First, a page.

Compartmentalization of the lung raises two important questions: (1) how do the superficial epithelial or SMG compartments contribute to disease; and (2) which airway region, large or small, is the disease-initiating/vulnerable region or the starting point of CF pathogenesis? Studies aimed at answering these questions have shed light on the structural and regional specificity of the lungs.
The SMGs, restricted to the large airways, are a source of electrolytes, fluid, host defense proteins, and secretory mucins, predominantly MUC5B [27][28][29][30][31]. Compared to the superficial epithelium that produces mucus at baseline and maintains constant directional motion, the SMGs secrete large volumes of mucus following adrenergic or cholinergic stimulation to aid in host defense and galvanize airway clearance. In CF, dysfunctional SMG mucus secretion contributes to impaired MCC in the large airways. Small airways lack SMGs, and the superficial epithelium must clear mucus from the distal regions, a process that relies heavily on the coordinated beating of the cilia. However, mucus hyperconcentration can cause compression of the cilia and subsequent mucostasis [32]. The limited backup mechanism, i.e., lack of SMGs, to clear mucus in small airways predisposes this region to impaired MCC and disease. Studies have postulated that the superficial epithelium of small bronchiolar airways is one of the most severely affected regions in CF [19][20].

2.3. Clinical Observations Related to Small Airway Diseases in CF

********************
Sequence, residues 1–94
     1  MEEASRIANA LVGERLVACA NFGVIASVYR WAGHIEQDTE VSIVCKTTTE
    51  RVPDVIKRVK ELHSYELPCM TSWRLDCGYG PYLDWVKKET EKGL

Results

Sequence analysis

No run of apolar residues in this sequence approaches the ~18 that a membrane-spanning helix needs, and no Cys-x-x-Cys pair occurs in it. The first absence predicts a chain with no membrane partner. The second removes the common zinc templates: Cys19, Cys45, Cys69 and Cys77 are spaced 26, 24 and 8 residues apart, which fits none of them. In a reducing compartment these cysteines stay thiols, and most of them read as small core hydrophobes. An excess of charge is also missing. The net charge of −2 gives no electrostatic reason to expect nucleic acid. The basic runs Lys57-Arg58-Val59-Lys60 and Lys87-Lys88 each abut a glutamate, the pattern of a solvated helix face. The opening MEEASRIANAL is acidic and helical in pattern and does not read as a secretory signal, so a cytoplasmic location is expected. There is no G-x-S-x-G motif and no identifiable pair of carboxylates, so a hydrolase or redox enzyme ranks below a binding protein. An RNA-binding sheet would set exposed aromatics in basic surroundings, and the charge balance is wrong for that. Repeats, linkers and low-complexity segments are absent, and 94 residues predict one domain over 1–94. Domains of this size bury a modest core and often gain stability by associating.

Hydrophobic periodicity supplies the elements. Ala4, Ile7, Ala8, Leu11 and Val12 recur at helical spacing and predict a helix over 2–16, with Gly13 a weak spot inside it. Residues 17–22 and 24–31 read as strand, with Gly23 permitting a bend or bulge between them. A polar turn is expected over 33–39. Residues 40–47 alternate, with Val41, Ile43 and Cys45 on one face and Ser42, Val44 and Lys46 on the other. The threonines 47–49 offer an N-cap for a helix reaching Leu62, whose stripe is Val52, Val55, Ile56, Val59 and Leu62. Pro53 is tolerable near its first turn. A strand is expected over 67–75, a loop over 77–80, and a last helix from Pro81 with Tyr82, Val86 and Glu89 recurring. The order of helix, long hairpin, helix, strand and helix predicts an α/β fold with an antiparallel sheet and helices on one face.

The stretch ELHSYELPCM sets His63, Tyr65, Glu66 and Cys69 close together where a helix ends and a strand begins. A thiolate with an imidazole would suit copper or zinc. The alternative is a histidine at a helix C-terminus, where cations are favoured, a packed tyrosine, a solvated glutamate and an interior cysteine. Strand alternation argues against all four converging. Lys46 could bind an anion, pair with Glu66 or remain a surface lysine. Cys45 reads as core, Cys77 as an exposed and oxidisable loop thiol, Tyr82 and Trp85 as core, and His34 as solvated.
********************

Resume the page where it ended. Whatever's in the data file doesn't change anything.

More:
Evidence for small airways as the central site of CF pathogenesis has been based on pathology [33][34][35][36][37][38][39], pulmonary function [38][39], imaging [40][41][42][43][44], and lower airway sampling studies [19][36][37]. Pathologic studies of CF lungs, including CF children who died early of the disease, have identified small airway mucus plugs as a routine feature of this syndrome [33][34]. Micro-CT studies of CF lungs harvested at the time of transplant revealed that mucus plugs develop after roughly the 6th generation of airways and progressively increase in frequency in the distal bronchiolar regions [45]. Moreover, pulmonary function tests designed to detect regions of airflow obstruction confirmed the presence of small airway obstruction as the first detectable spirometry measure associated with CFTR dysfunction [38][39]. Consistent with this finding, radionuclide MCC studies have demonstrated the predominance of peripheral (small airways) over central (large airways) clearance defects [40][46]. Further supporting these observations, studies of bronchoalveolar lavage fluids performed on CF preschoolers have shown that the incipient mucus material harvested from CF lungs consisted of abundant and irregular/rough MUC5B/MUC5AC mucus flakes, indicating disturbance of mucus homeostasis in the distal airways in CF lung disease (see mucin distribution and effects on mucin network below) [19].